The American Exception: How Faith Shapes Economic and Social PolicyHistorians in the News
tags: economics, intellectual history, religious history, Adam Smith, Enlightenment
HISTORIAN R.H. TAWNEY famously explored the ties between Protestantism and economic development in Religion and the Rise of Capitalism (1926). Now, nearly a century later, in a new book under the same title, Maier professor of political economy Benjamin M. Friedman undertakes a searching exploration of a different sort. Beginning from a simple question—“Where do our ideas about how the economy works, and our views on economic policy, come from?”—Friedman establishes that the revolution wrought by Adam Smith and others was not a purely rationalist, Enlightenment upwelling of secular humanism, but instead reflects ideas that have “long-standing roots in religious thinking,” and indeed in the new theological currents then swirling around Smith and his contemporaries.
Friedman’s final chapter, on “Economics in the Public Conversation,” turns to the ideas that underlie Americans’ views toward high-stakes economic policies. Why is it, political analysts want to know, that the United States has much less generous safety-net programs than other rich, developed countries? And why do lower-income Americans often vote against higher income-tax rates for the very rich, or inheritance taxes that only the wealthiest families pay? Looking beyond the purely political explanations that have been advanced, Friedman discerns a strong pattern of religious beliefs, particularly among evangelicals, that powerfully determines attitudes not only toward responsibility for ameliorating social problems, but also toward the possibility of effecting social progress (even the desirability of attempting to achieve it)—the underlying determinants of economic policymaking.
His narrative may help many readers understand the distinct worldviews shaping some of the divisions so evident in U.S. society today. Across the spectrum of beliefs, from progressive activist to libertarian, it may be productive for Americans—and those observing from abroad—to perceive the deep reasons why, as Friedman puts it, “religiously committed Americans of all faiths see less need for government services and government intervention than do most citizens of other high-income countries.” In that spirit, we present this excerpt from the final chapter.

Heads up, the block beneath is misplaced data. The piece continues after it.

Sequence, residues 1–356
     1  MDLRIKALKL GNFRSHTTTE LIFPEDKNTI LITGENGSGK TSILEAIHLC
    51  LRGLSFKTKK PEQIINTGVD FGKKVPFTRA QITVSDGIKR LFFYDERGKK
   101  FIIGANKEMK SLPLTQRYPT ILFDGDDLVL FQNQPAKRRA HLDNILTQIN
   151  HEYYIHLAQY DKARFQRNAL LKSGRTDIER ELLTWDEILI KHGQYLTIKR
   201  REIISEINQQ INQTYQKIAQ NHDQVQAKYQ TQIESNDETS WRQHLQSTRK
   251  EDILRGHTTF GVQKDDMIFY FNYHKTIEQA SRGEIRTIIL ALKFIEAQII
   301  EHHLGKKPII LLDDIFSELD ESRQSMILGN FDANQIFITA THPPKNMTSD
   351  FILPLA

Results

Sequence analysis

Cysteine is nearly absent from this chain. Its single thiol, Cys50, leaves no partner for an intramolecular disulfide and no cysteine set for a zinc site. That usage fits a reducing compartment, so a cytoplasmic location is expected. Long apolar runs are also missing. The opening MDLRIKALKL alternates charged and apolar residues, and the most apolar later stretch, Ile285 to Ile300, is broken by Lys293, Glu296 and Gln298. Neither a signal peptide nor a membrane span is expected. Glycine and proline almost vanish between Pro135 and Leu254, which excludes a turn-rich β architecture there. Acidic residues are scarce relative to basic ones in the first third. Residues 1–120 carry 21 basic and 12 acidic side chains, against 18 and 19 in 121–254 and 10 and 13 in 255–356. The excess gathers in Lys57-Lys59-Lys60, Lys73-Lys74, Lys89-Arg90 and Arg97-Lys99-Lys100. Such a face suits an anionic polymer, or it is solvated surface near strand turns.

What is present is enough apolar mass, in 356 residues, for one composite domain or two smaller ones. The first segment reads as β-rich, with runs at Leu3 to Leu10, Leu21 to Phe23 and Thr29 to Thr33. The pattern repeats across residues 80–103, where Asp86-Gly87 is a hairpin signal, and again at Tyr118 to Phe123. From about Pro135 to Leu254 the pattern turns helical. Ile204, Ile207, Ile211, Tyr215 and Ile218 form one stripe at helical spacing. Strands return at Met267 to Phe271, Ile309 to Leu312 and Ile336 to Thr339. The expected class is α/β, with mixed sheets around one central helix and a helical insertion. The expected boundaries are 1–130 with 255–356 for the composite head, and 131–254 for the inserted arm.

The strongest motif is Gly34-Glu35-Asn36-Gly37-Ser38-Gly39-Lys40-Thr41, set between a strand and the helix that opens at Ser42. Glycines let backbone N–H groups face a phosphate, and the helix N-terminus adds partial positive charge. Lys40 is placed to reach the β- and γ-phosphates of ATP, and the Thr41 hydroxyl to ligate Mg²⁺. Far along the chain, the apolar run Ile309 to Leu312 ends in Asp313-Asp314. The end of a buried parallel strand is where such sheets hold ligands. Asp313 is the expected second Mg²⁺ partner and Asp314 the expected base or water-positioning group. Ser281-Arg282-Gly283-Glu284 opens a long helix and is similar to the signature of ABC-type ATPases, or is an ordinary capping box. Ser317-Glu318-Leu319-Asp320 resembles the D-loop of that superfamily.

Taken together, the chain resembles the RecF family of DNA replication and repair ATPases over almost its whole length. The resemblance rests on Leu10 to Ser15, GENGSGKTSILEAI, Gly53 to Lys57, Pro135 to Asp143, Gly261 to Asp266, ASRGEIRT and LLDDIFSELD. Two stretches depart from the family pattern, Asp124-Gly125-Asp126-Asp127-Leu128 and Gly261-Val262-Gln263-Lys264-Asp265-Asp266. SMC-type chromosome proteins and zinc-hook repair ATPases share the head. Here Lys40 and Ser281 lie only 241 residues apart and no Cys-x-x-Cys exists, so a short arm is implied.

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THESE CONNECTIONS between Americans’ views on matters of economic policy and their individual religious affiliation, especially among evangelical Protestants, no doubt reflect a variety of influences. Three, however, stand out.
First, the continuing influence of the historical turn away from pre-destinarianism, which laid the basis for the Smithian revolution in economic thinking in the eighteenth century, remains readily apparent in the American public’s attitudes toward matters of economics and economic policy. In Adam Smith’s day the most significant consequence for economics stemming from this change in religious thinking was an expanded vision of the possibilities for human choice and human action—under the right conditions, which Smith centered in competitive markets. By now the general public has largely absorbed that insight. In addition, especially among Americans, beliefs about the possibilities for individual economic success strongly conform to a non-predestinarian view as well. Most Americans reject the idea that some factor apart from their own ability and efforts—divine election in Calvin’s thinking, simple luck in the more modern secular vocabulary—determines their individual destinies. In today’s secularized context, the belief that anyone can achieve spiritual salvation has its parallel in the belief that anyone can get ahead economically through talent and hard work.
The predominance of non-predestinarian thinking, and its reflection in attitudes toward opportunities for individual economic success, are all the more striking in light of the continuing belief in a divinely intended destiny for America as a nation. Few Americans now speak of Manifest Destiny, and only a small fraction of Protestants belong to denominations that place predestination, in anything like the form spelled out in the Westminster Confession, among their creeds. (The largest ones that do are the Presbyterian Church (USA), with one and a half million members, and the Presbyterian Church in America, with fewer than 400,000.) Yet most Americans, including most Protestant evangelicals, do believe that the United States, with the country’s long-standing democratic political institutions and its historical tradition of civil freedoms, has a special role to play in the world. Many see this role as a divinely ordained mission to lead the world toward freedom and democracy—or if not that, then as the inspired consequence of some kind of historical Providence. On the eve of World War II, Harold Ockenga mused that “it is almost as though God pinned His last hope on America.” Forty years later Ronald Reagan spoke for more than just his own political supporters when he asked, in accepting his party’s nomination for president in 1980, “Can we doubt that only a Divine Providence placed this land, this island of freedom, here as a refuge for all those people in the world who yearn to breathe freely?”